Palo Alto: Wikis

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City of Palo Alto
Palo Alto
Stanford, Mayfield
—  City  —
University Avenue

Nickname(s): PA
Location in Santa Clara County and the state of California
Coordinates: 37°25′45″N 122°8′17″W / 37.42917°N 122.13806°W / 37.42917; -122.13806Coordinates: 37°25′45″N 122°8′17″W / 37.42917°N 122.13806°W / 37.42917; -122.13806
Country United States
State California
County Santa Clara
First Settled 1769
Incorporated as City April 16th, 1894
Government The terms of the Mayor and Vice-Mayor are for one year and expire at the first meeting in January. The General Municipal Election is held on the first Tuesday after the first Monday in November, in odd-numbered years. Council terms are for four years, a former Mayor once described her position as "I get a parking spot, that's about it"
 - Type City Council Mayorship
 - Mayor Pat Burt[1]
 - Total 25.6 sq mi (66.4 km2)
 - Land 23.7 sq mi (61.3 km2)
 - Water 2.0 sq mi (5.1 km2)
Elevation 30 ft (9 m)
Population (2007)
 - Total 61,200
 Density 2,475.3/sq mi (955.8/km2)
Time zone PST (UTC-8)
 - Summer (DST) PDT (UTC-7)
ZIP codes 94301, 94303, 94306
Area code(s) 650
FIPS code 06-55282
GNIS feature ID 0277572

Palo Alto (pronounced /ˌpæloʊˈæltoʊ/, from Spanish: palo: "stick" (or "pole" or "tree") and alto: "tall") is a California charter city located in the northwest corner of Santa Clara County, in the San Francisco Bay Area of California, USA. It is named after a tree called El Palo Alto. The city includes portions of Stanford University and is headquarters to a number of Silicon Valley high-technology companies, including Hewlett-Packard, VMware and Facebook. As of the 2000 census, the city had a total population of 58,598 residents.



Earliest recorded history stems from 1769, when Gaspar de Portolà noted an Ohlone settlement. This remains an area of known Indian mounds. A plaque is erected at Middlefield Road and Embarcadero Road to commemorate this area.

The city got its name from a stand of tall Redwood trees, El Palo Alto, by the banks of the San Francisquito Creek bordering Menlo Park. You can still find one of these trees (the other was destroyed during a storm in the late 20th century) along the foot bridge on Alma Street. A plaque recounts the story of a 63 man, 200 horse expedition from San Diego to Monterey from November 7–11, 1769. The group overshot and reached the San Francisco Bay instead. Thinking the bay was too wide to cross, the group decided to turn around near 'el palo alto.'

About 1827 Rafael Soto, tenth child and son of De Anza Expedition settler Ygnacio Soto and María Bárbara Espinosa de Lugo of Alta, California came to stay with Maximo Martinez at his Rancho Corte de Madera for seven years. Located south of the San Francisquito Creek, west of today's I-280, Rancho Corte de Madera covered most of Portola Valley to Skyline Boulevard extending south to about Foothill College. In 1835, Rafael Soto and family settled near the San Francisquito Creek near Newell and Middlefield, selling goods to travelers. Rafael Soto died in 1839, but his wife, Maria Antonio Mesa, was granted Rancho Rinconada del Arroyo de San Francisquito in 1841.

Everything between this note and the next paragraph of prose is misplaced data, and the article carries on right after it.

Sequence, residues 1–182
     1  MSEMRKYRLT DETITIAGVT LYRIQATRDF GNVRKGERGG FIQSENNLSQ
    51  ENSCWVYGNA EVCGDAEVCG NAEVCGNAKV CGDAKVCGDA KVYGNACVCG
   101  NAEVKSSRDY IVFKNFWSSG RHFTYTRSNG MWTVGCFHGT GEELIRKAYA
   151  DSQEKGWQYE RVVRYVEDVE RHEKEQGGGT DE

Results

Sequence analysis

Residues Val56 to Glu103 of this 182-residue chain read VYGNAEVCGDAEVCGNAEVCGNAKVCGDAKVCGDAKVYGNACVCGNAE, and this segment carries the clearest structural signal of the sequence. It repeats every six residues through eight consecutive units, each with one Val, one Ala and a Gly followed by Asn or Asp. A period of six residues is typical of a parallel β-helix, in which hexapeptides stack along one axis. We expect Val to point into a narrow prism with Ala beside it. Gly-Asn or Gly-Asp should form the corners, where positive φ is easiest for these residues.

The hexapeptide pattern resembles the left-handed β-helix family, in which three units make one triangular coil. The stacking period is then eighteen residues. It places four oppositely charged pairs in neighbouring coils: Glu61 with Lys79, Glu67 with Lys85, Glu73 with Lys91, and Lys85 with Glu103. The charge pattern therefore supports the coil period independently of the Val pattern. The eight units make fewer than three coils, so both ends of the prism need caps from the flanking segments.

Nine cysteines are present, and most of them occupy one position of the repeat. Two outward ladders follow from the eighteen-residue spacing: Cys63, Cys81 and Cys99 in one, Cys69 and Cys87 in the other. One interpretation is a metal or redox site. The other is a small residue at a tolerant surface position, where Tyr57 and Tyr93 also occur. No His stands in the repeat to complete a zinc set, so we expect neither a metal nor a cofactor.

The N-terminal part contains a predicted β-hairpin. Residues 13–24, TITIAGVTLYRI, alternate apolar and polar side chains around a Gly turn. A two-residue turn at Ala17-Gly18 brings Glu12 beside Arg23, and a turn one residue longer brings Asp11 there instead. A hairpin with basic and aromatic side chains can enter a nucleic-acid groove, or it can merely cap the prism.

Their daughter María Luisa Soto married in 1839, John Coppinger, who was the grantee of Rancho Cañada de Raymundo. Rancho Cañada de Raymundo was West of San Francisquito Creek, and began at Almbique Creek, the north border of Rancho Corte de Madera, and extended north, including present day Woodside. Bear Gulch Creek (Bear Creek) flowed on his land in Portola Valley. The rancho also abutted Buelna's grant near Skyline Boulevard and Matadero Creek. Upon Coppinger's death, Maria inherited it and later married a visiting boat captain, John Greer. Greer owned a home on the property that is now Town & Country Village on Embarcadero and El Camino Real. Greer Avenue and Court are named for him. To the west of Rafael Soto, near El Camino and following the Creek, was Rancho San Francisquito granted in 1839, to Antonio Buelna and wife Maria Concepcion.

To the south of the Sotos, the brothers, Secundino and Teodoro Robles, in 1849 bought Rancho Rincon de San Francisquito from José Peña, the 1841 grantee.[2] The grant extended from San Francisquito Creek, Alpine Road and Bishop Ln. (behind Stanford Shopping Center) and golf course. Then South along the Santa Cruz Foothills between Junipero Serra & Hwy 280 to the (Intersection of Matadoro Creek/ Hillview /Miranda) & then SW near the intersection of Page Mill & Arastradero Rd. where the Jone's House was), then east down Arastradero Rd. to the north property line of Alta Mesa Memorial Park and Terman Park. Follow the trail of what was once the old stage road over Adobe Creek/Yuegas Creek to El Camino Real & then east on San Abtonio Rd. to the Bay marshes passing over the RR and what was once the Jeffry's House & Stables. The property then went along the bay to the Embarcadero, a major boundary in the day. Then up to the Stanford University gates, up Galvez and along Campus way to the hills near the golf course. The grant was bounded on the south by Mariano Castro's Rancho Pastoria de las Borregas grant across San Antonio Road. That's the Robles Rancho, about 80% of Palo Alto and Stanford University. It was whittled down by 1863 through courts to 6,981 acres (28.25 km2). Stories say their grand hacienda was built on the former meager adobe of José Peña near Ferne off San Antonio Road, midway between Middlefield and Alma Street.[3] Their hacienda hosted fiestas and bull fights. It was ruined in the 1906 earthquake and its lumber was used to build a large barn nearby which it is said lingered until the early 1950s. In 1853, they sold 250 acres (1 km²), comprising the present day Barron Park, Matadero Creek and Stanford Business Park, to Elisha Oscar Crosby, who coined Mayfield. In 1880 Secundino Robles, father to twenty-nine children, still lived near present day Sears store.